672 Ensemble Data Assimilation for Very Large Atmosphere, Ocean and Coupled Models with the Data Assimilation Research Testbed

Tuesday, 24 January 2017
4E (Washington State Convention Center )
Kevin Raeder, NCAR, Boulder, CO; and A. Karspeck, G. S. Romine, N. Collins, J. Hendricks, T. Hoar, J. Anderson, H. Kershaw, S. Karol, C. S. Schwartz, and R. A. Sobash

The Data Assimilation Research Testbed (DART) is a community facility for ensemble
data assimilation developed and supported by the National Center for Atmospheric
Research. DART provides a comprehensive suite of software, documentation, examples
and tutorials that can be used for ensemble data assimilation research, operations, and
education. Scientists and software engineers from the Data Assimilation Research
Section at NCAR are available to actively support DART users who want to use existing
DART products or develop their own new applications. Current DART users range from
university professors teaching data assimilation, to individual graduate students working
with simple models, through national laboratories doing operational prediction with large
state-of- the-art models. DART runs efficiently on many computational platforms ranging
from laptops through thousands of cores on the newest supercomputers.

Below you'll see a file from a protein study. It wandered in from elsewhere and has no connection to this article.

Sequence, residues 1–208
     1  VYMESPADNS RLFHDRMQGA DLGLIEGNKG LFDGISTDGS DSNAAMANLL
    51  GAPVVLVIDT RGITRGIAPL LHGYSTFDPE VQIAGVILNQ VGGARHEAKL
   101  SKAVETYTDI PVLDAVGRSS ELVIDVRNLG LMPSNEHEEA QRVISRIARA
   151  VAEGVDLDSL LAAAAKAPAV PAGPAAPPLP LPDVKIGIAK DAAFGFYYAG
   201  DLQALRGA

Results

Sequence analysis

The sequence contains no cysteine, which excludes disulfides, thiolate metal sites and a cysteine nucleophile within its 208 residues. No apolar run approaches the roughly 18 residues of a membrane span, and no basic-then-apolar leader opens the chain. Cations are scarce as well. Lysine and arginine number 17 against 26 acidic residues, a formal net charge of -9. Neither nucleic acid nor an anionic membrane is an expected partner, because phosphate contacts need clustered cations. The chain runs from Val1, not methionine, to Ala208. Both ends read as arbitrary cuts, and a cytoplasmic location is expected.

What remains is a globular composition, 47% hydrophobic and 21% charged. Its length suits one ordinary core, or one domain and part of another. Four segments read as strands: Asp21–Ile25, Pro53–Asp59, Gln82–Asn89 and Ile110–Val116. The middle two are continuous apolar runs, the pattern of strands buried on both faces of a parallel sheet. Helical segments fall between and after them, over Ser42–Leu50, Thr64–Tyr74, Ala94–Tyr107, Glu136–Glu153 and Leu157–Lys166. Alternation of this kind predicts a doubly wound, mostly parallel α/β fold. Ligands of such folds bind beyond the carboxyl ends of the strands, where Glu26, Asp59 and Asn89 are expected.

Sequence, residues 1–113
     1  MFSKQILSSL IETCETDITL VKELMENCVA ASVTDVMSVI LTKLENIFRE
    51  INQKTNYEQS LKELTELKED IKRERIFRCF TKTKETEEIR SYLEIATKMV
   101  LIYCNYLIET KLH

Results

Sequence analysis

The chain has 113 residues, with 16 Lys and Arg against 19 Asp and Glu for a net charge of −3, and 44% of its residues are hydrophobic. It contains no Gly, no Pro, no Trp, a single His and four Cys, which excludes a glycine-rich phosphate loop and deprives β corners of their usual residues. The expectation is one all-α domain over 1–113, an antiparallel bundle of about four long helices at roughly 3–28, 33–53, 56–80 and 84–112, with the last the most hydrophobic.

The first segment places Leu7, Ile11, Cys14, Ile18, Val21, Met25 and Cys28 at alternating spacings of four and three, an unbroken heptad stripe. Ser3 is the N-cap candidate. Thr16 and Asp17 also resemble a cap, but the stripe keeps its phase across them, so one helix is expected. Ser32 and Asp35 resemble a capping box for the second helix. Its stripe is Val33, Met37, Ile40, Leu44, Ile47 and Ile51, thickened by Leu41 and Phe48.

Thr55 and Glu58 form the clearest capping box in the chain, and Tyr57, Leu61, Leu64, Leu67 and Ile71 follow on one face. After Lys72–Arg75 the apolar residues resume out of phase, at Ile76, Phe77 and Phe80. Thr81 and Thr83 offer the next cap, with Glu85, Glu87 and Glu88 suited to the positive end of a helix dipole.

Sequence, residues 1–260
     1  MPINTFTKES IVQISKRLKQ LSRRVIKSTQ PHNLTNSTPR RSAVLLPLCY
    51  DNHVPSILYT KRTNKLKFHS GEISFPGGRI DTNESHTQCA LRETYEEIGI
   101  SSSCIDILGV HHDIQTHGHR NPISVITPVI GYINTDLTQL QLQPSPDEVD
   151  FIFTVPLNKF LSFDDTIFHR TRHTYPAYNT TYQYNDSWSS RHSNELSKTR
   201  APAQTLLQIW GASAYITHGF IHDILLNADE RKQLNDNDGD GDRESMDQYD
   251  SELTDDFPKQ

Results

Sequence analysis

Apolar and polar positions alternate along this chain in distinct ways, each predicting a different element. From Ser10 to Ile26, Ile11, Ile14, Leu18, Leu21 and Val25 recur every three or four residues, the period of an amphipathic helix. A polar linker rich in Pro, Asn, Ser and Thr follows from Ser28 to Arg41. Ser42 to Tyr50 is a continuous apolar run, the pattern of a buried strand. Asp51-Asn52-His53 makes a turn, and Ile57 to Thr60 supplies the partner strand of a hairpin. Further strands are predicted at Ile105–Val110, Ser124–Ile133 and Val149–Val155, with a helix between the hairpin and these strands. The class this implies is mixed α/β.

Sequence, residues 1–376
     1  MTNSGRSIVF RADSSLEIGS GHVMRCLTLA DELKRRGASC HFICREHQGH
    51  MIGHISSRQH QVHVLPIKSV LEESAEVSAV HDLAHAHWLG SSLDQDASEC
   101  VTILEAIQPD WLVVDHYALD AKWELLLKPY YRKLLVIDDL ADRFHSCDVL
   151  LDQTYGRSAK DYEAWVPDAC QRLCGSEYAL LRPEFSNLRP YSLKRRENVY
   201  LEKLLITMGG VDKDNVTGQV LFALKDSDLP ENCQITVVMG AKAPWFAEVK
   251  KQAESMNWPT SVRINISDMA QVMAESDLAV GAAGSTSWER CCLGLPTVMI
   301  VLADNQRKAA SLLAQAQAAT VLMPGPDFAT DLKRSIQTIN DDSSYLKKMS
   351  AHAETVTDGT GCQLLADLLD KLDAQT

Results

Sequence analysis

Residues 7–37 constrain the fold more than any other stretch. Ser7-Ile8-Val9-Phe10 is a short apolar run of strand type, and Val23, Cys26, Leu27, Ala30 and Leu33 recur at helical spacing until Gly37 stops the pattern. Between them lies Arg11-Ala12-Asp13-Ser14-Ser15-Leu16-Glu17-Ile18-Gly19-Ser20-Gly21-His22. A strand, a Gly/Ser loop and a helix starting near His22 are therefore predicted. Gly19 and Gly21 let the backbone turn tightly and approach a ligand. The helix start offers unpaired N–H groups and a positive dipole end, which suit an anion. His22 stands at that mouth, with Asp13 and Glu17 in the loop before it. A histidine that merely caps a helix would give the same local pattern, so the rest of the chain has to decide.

This poster describes some sample applications of DART for atmospheric, oceanic, and
coupled data assimilation. The first example is a cycling limited-area mesoscale ensemble
data assimilation system using DART with the WRF-ARW model. This system is run in
real-time at 15 km resolution and provides initial conditions for a 10-member ensemble
of 3 km resolution forecasts. The second example is a short global ocean ensemble
reanalysis using DART with the POP ocean model at 1/10 of a degree resolution. A final
example discusses the development of a fully-coupled ensemble data assimilation for the
CAM atmosphere and POP ocean components of NCAR's CESM climate system model.
This will include a discussion of some of the challenges in implementing fully-coupled
data assimilation in a community system like DART.

All three of these models have very large state vectors that need to be efficiently stored
and accessed throughout the data assimilation process. New supercomputer architectures
are tending towards larger numbers of processors but with less memory for each. Recent
advances in DART have addressed the need to run with a smaller memory footprint on a
higher node count by utilizing MPI-2 one-sided communication to do non-blocking
asynchronous access of distributed data. Benefits of the new DART implementation will
be discussed.

- Indicates paper has been withdrawn from meeting
- Indicates an Award Winner